- Briefing Room
Value capture presents an opportunity to meet funding challenges for transportation projects at a local and State level.
Value capture refers to a set of techniques that take advantage of increases in property values, economic activity, and growth linked to infrastructure investments to help fund current or future improvements.
The following techniques demonstrate powerful tools that can address funding gaps.
Developer Contributions include Impact Fees and Negotiated Exactions. They are one-time charges collected by local governments from developers to offset the cost of infrastructure and services necessitated by new development.
Special Assessments include Special Assessment Districts, Business Improvement Districts, Sales Tax Districts, and Land Value Taxes. These are additional fees or taxes assessed on businesses or residents in specified geographic areas benefiting proximity to a highway or other transportation facility or corridor.
Fees include Transportation Utility Fees which are similar to a utility fee and are assessed based on how individual businesses and households use transportation facilities.
Incremental Growth includes Tax Incremental Finance, Transportation Reinvestment Zones, and Tax Allocation Districts. These mechanisms allocate back to infrastructure from some specified portion of increased property tax revenues fostered by new infrastructure - often for a specified period of time.
Joint Development includes At Grade, Below Grade, and Above Grade (or Air Rights). This is the sale or lease of land or air rights on or adjacent to transportation facilities. This can include donations of land or other in-kind resources from the private sector in ongoing commercial operations.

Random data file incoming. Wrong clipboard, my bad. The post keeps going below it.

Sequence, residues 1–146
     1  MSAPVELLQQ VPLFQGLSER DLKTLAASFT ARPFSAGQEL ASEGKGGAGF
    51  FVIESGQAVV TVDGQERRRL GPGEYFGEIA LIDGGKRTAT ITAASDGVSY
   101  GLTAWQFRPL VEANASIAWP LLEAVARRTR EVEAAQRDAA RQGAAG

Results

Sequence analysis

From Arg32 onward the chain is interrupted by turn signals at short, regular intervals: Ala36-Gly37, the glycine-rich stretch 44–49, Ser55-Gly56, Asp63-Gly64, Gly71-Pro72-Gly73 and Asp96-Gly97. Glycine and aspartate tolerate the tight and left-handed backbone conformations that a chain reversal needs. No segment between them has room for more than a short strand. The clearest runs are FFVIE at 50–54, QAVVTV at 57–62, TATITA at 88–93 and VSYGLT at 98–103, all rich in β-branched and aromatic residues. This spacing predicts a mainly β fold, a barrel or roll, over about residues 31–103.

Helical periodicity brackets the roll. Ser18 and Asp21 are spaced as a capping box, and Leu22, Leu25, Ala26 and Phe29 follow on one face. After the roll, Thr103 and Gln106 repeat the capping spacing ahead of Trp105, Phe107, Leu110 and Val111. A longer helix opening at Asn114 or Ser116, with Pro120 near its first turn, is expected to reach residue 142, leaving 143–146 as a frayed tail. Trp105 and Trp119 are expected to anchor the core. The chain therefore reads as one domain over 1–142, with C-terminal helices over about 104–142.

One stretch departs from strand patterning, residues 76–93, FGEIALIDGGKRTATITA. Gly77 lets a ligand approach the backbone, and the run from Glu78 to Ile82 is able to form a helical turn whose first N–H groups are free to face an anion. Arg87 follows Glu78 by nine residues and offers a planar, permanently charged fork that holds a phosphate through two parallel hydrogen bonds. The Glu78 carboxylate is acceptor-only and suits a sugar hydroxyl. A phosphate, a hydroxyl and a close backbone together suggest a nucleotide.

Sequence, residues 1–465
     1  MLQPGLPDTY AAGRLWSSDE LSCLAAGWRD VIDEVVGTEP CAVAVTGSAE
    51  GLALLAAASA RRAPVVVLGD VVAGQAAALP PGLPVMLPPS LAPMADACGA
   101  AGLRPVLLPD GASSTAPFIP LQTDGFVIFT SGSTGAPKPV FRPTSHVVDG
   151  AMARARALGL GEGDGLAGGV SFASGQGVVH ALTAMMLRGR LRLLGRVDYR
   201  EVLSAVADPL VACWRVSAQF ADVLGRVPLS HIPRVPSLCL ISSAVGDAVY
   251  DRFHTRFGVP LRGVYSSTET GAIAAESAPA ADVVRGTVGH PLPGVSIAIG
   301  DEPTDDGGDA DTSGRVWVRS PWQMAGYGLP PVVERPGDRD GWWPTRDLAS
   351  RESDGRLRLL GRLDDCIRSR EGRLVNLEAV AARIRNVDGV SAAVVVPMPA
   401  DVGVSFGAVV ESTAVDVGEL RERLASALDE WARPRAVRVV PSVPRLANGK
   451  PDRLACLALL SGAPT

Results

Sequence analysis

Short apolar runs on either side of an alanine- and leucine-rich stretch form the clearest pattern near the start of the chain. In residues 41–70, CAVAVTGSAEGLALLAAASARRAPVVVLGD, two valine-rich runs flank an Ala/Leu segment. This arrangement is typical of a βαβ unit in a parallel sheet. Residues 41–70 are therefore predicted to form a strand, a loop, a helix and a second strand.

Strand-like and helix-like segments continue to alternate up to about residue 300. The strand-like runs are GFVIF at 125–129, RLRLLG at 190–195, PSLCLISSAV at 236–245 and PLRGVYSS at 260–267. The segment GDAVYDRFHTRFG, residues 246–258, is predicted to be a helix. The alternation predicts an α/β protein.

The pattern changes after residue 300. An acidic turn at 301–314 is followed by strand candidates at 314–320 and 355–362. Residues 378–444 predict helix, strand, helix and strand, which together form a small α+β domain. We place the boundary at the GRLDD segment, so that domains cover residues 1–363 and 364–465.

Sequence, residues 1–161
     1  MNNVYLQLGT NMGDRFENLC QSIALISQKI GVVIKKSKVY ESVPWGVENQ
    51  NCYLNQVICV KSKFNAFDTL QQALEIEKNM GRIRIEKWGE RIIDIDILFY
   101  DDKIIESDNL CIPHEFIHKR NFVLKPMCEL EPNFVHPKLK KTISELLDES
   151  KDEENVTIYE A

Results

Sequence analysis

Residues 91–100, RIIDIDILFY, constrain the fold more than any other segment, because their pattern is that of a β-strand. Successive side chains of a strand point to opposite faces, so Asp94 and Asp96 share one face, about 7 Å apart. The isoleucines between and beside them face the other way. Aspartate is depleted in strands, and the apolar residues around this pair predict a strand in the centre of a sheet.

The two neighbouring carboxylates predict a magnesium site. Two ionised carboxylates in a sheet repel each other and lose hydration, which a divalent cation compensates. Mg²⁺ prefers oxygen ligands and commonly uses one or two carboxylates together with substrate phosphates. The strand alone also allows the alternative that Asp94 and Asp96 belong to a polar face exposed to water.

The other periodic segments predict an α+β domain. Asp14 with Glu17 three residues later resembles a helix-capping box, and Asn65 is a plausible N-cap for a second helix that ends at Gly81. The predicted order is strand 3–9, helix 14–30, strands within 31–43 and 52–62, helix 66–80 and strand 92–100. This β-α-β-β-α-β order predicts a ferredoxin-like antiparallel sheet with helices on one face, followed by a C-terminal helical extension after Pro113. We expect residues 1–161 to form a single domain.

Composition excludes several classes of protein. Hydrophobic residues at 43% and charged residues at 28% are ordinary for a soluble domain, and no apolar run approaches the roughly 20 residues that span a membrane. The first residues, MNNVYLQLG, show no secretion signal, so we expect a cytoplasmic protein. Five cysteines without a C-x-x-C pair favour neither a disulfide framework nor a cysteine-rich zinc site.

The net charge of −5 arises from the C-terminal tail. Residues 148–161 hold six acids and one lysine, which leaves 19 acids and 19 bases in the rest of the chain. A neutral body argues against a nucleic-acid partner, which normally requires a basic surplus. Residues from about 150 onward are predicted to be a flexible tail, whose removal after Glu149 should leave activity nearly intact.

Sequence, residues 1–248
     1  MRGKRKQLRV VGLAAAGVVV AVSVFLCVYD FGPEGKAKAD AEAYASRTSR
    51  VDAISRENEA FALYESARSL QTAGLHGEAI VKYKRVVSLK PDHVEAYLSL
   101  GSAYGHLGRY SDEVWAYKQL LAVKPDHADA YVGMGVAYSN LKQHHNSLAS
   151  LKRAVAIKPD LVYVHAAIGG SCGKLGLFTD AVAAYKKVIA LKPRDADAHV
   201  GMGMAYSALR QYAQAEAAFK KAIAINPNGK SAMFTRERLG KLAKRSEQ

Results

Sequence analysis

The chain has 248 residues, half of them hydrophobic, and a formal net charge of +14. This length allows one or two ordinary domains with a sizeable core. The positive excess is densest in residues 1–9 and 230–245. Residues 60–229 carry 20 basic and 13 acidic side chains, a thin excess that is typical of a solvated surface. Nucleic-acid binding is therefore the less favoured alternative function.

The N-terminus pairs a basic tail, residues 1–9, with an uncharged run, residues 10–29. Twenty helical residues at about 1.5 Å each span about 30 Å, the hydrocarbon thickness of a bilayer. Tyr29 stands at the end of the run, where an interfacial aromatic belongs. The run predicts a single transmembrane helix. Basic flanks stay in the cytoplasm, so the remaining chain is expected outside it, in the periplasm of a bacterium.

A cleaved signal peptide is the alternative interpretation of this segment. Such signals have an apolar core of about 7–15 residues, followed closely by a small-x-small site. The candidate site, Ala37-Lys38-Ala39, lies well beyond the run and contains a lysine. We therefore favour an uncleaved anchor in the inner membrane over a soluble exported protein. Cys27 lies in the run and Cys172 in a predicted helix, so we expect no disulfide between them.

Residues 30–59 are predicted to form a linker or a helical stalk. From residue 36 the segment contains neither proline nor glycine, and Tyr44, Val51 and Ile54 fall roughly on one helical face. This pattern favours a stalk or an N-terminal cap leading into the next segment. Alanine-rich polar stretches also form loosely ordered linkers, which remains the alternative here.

Concessions include Asset Recycling. This is the sale or lease of government-owned assets - such as toll roads or bridges - to private-sector investors/operators.
Advertising and Naming Rights are the sale of advertising space or naming rights on a transportation facility. Note: Commercial uses within Interstate Highway System right of way, including rest areas, is prohibited by law; however, they may be allowed on toll facilities and in transit stations.
States such as California, Colorado, Florida, Georgia, Massachusetts, Missouri, Ohio, Oregon, Pennsylvania, Texas, and Virginia, as well as the District of Columbia, are using value capture options successfully. The following are examples of different value capture applications supporting highway improvements across the United States:
FHWA EDC-5 Value Capture: Capitalizing on the Value Created by Transportation https://www.fhwa.dot.gov/innovation/everydaycounts/edc_5/value_capture.cfm
FHWA Center for Innovative Finance Support â€“ Value Capture https://www.fhwa.dot.gov/ipd/value_capture